Christmas is a worldwide phenomenon, and so is the holiday’s number one fan and symbol, Santa Claus. So it makes sense that because people all over the world celebrate Christmas differently, they also see Santa in different ways and have different traditions.

For instance, in France Christmas goes by the term Noel, and Santa goes by the name Pere Noel. Like the United States, the French who celebrate the holiday do so with a Christmas tree. Sometimes, the French decorate their trees in the traditional, which is with bright red ribbons and real candles, instead of the garland, electric lights, and fancy decorations used in the US. They also believe in decorating outside, especially the evergreen trees on their properties, which they cover with lights that they leave on all night long.

In Hungary, the Christmas tradition is a bit different than the French or American versions. In this Eastern European country, Santa Claus is called the “Winter Grandfather,” or Mikulas in their language. He comes not on Christmas Eve, but on December 6. It’s the job of children before this day to make sure that they are clean and that they have cleaned their rooms. For these good children, Winter Grandfather leaves candies and toys for them in freshly cleaned shoes or boots. For those children who don’t clean? They get a golden birch, which means they deserve a spanking! In Hungary it’s not Santa Claus (or Winter Grandfather), but Baby Jesus and the angels who brings presents and the Christmas tree on Christmas Eve. To give him time to set them up, families usually go visit a relative’s house or go to the movies.

In Germany, the holidays are all about the decorations. They love putting electric candles in their lights, and covering their homes with all sorts of lights and colors. The German specialty decoration is the Adventskranz, which is actually a leaf wreath with four candles in it. And like many American homes, Germans like to decorate inside with a manger scene, the famous depiction of the stable, with Baby Jesus, Mary, Joseph, animals, and the Three Wise Men. Father Christmas brings children from Germany presents on Christmas Eve, while St. Nicholas brings small gifts on December 6.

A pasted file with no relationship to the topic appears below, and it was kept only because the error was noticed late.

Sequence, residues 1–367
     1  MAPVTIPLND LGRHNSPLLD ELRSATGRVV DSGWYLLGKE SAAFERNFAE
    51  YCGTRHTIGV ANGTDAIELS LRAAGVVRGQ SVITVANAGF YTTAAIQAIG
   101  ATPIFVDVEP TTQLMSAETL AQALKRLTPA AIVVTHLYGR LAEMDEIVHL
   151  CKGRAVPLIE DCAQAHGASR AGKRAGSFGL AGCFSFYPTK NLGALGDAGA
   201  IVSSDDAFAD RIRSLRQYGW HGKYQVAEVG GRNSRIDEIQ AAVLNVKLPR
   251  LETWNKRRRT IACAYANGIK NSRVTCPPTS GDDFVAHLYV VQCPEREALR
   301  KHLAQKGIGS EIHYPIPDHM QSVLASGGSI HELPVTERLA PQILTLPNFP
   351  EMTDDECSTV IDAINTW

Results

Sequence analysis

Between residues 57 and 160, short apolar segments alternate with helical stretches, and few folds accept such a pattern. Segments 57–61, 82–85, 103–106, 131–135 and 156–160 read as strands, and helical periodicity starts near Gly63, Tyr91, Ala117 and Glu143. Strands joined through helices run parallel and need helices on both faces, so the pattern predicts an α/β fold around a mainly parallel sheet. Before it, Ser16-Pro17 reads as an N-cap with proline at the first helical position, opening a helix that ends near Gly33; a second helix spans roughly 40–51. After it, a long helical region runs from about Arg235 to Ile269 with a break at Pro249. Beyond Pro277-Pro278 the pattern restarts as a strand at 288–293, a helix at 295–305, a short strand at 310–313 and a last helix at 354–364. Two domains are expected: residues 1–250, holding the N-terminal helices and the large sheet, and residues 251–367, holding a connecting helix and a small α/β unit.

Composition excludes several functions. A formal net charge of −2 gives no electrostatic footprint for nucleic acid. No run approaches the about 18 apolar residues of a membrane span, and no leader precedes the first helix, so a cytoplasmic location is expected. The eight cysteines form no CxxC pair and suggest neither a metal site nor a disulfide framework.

Kids should consider moving to Latvia along the Baltic Sea for Christmas time. There, Father Christmas brings presents for all of the 12 days of Christmas, with the first day of gift giving coming on Christmas Eve. Latvia also claims to be the home of the first ever Christmas tree, documented in the year 1510. Then again, you might want to check the menu before visiting this country. The traditional meal on Christmas is brown peas with bacon sauce, sausage, cabbage, and small pies.

Here’s a meal that sounds delectable and Christmas will still be a blast–it’s in New Zealand. Since Christmas arrives in the middle of summer for New Zealand children, their Christmas dinners usually include foods on the BBQ, like ham, shrimp and fish. Many towns enjoy Christmas parades throughout the holiday season. Similar to children in America, families open Christmas presents from Santa Claus on Christmas Day. However, some people love Christmas so much, they also celebrate this Santa-driven holiday in the middle of July, when it is cold enough for a proper English Christmas dinner.

Wherever you are on the map, you can obviously enjoy Christmas in one way or another. And don’t worry. With his reindeer-powered sleigh, Santa will find you no matter where in the world you are living.

About the Author

Randy Stocklin is the co-owner of Mail from Santa Claus. Mail from Santa Claus offers memorable letters from Santa Claus that helps keep the Christmas spirit alive. For more information about Mail from Santa Claus and to purchase letters from Santa please visit